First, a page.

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22 bullet trap

Discussion in 'Shooting Gear and Storage' started by leadchucker, Nov 17, 2017.

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  1. leadchucker

    leadchucker Member

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    I finally got my 22lr suppressor and I can finally shoot my M&P22 and Ruger American Rimfire in my backyard without upsetting the neighbors. I'd kind of like to have some way of reclaiming the lead. All I'll be shooting is low velocity and subsonic 22lr, probably at a distance of no more than ten or twenty yards.I don't really want a metal stop because of the noise. (I'm wanting to keep this stealthy and quiet.) I was thinking of a simple plywood box filled with sand. (appropriately covered to keep the cats out of it.) I'd just eventually replace the target side when it gets too bullet riddled.

    How big or deep would it have to be to effectively (and safely) stop 22lr bullets? Any better ideas for a bullet stop?
     
  2. zaitcev

    zaitcev Member

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    This is already the best idea. The usual implementation is actually a bucket. You fill it up with sand, then cover with strips of duct tape in 2 layers. Then tilt it on its side and shoot through the tape. Once it gets tattered enough, you can re-tape it. Believe it or not, a bucket is enough to contain an AK bullet.
     
    Rottweiler and Jonesy814 like this.
  3. Rottweiler

    Rottweiler Member

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    Yes it is....I've made a lot of money from guys betting that my "slowpoke arrows" could outpenetrate their high speed rifles through a bucket of sand.
     
  4. hdwhit

    hdwhit Member

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    You might find this relevant:
    http://www.vietnam-guntrucks.com/guntruck-history/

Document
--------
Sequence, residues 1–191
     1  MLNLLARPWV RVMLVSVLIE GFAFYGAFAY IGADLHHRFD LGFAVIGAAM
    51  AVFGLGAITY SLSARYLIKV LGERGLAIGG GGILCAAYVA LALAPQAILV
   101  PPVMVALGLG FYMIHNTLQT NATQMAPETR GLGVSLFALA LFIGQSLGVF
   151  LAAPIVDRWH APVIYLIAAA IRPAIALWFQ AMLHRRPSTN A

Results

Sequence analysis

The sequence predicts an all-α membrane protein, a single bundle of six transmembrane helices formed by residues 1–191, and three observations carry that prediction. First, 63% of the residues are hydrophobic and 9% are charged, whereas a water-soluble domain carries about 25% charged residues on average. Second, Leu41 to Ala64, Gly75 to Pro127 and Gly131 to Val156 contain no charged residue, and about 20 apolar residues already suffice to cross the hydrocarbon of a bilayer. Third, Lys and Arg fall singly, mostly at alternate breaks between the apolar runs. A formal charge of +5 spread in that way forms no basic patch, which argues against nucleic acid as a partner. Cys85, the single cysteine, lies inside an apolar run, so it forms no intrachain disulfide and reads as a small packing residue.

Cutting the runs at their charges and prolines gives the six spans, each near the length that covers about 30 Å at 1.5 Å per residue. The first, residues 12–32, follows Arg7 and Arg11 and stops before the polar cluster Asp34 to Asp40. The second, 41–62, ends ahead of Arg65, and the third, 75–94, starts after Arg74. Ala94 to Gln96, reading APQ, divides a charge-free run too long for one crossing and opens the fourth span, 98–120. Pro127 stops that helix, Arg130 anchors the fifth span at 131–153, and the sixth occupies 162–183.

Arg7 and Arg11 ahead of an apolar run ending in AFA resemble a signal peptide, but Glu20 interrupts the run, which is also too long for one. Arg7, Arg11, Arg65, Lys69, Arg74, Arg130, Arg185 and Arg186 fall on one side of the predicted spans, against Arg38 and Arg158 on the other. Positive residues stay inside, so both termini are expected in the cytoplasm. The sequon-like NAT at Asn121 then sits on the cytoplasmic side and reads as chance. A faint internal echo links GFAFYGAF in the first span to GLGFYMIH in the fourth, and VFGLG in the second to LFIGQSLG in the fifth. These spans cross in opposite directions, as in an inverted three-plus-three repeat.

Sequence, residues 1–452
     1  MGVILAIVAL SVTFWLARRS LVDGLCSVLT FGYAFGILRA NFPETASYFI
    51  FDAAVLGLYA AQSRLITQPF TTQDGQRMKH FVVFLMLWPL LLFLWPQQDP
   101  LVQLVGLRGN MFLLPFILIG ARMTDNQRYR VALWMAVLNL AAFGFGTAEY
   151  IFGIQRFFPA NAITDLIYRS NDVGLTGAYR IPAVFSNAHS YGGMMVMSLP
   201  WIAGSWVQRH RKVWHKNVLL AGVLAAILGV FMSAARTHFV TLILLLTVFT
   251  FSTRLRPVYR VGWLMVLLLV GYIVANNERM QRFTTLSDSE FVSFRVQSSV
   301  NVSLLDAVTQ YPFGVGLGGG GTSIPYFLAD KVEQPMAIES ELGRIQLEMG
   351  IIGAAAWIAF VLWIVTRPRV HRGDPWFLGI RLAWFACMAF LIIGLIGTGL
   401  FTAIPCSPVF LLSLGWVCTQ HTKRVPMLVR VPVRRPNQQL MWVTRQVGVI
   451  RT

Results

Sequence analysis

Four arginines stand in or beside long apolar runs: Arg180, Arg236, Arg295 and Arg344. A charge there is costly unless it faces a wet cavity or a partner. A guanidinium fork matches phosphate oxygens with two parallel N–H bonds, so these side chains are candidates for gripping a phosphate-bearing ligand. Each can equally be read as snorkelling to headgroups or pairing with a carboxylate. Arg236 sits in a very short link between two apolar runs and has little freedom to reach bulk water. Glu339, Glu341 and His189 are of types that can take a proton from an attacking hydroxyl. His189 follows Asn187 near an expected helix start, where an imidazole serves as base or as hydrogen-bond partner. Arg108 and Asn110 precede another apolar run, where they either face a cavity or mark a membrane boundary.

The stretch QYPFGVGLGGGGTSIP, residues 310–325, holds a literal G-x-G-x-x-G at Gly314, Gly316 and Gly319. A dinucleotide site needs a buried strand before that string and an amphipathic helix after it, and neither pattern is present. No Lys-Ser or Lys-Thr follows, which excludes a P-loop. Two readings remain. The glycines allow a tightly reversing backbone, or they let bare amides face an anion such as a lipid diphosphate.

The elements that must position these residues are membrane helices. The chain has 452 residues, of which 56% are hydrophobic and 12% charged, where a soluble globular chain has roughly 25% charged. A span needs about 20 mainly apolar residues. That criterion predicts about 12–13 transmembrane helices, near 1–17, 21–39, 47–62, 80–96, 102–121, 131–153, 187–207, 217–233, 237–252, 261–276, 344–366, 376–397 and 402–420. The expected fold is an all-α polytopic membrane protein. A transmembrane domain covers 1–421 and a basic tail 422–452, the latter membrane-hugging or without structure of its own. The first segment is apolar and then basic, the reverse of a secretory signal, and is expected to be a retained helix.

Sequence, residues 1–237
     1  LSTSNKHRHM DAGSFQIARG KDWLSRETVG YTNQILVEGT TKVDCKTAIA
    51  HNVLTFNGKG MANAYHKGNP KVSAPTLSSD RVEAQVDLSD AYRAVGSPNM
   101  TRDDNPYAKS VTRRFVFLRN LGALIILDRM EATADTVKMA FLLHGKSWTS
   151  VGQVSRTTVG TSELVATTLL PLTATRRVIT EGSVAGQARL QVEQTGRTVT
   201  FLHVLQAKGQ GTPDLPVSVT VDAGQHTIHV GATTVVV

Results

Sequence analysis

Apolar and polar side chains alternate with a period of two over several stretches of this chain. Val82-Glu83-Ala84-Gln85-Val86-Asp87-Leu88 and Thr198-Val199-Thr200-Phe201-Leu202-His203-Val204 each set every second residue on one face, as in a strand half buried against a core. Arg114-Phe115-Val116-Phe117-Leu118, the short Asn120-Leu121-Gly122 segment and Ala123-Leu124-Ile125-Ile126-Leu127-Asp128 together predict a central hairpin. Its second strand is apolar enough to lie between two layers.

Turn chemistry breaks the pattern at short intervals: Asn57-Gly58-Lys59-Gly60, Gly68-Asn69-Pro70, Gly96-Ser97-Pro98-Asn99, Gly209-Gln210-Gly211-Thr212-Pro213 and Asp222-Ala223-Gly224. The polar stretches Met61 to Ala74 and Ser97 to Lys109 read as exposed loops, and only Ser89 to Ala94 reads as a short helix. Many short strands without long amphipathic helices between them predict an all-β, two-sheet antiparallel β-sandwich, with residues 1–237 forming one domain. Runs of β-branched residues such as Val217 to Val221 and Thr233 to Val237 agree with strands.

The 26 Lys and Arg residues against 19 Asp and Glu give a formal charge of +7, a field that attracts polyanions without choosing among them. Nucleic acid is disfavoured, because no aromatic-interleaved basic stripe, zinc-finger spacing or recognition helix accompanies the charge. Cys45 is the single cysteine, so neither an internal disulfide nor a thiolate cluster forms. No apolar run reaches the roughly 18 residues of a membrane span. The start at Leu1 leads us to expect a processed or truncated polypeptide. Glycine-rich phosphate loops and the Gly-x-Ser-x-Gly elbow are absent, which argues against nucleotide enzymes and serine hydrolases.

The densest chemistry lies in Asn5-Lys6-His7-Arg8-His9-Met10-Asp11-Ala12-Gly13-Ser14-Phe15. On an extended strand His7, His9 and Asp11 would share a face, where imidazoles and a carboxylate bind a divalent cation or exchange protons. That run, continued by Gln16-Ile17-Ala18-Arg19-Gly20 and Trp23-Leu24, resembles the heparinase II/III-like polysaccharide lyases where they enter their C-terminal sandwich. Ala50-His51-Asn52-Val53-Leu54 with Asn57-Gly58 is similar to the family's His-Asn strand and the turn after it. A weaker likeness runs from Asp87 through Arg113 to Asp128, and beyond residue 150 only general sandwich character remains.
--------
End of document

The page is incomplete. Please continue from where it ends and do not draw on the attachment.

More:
In Vietnam, the Transportation Corps, tasked with running round-the-clock convoys to ferry supplies to the troops, but denied protection from the Military Police's armored cars, was forced to extemporize a solution of their own. The result was the "gun truck"; a normal military truck armored with whatever was locally available.

    Several failures of early versions to stop 7.62x39 bullets led my Father to assign an engineer from his staff to the problem. What resulted was an outer wall of steel plating and an inner-wall of plywood with the gap filled with sand. In some cases, the inner-wall was also fabricated out of steel. IIRC, the spacer between the outer wall and the inner wall was a 2x6, so 5.5 inches of sand was generally sufficient to stop an AK bullet AFTER it had passed through 1/2 inch of mild steel.
     
  5. hdwhit

    hdwhit Member

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    You might think of constructing a large box from which you hang sections of used tires. Hang the tire sections so they can move like a swing set and hang multiple layers. This way, if the bullet penetrates the first section, it will be moving slow enough by the time it reaches the second or third section to be deflected into the sand bed at the bottom of the box.
     
  6. Carl N. Brown

    Carl N. Brown Member

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    As an aside. all this quiet stuff -- silencers and noiseless bullet traps -- to avoid disturbing the neighbors, is actually supported by governments and local police in places like England, France and Finland as official policy.
     
  7. milemaker13

    milemaker13 Member

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    Are you shooting thru the lid? Or the rounded sides of the bucket? This sounds great.
     
  8. zaitcev

    zaitcev Member

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    The "lid" is made out of the duct tape. The bucket is laying on its side with the lid towards the shooter. You must place the bucket so it does not roll sideways from behind your paper target.

    If I were shooting the bucket itself, then it would not last long. But the "lid" is easily replaced.
     
  9. milemaker13

    milemaker13 Member

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    Very cool. I like the fact that you could contain at least most of your lead. I hate to think of contaminating your land, water whatever after years of shooting. Might even be able to scrap it for some "beer money".
    Now I just need to move some place I can shoot in the back yard with out a SWAT team decending on me.
     
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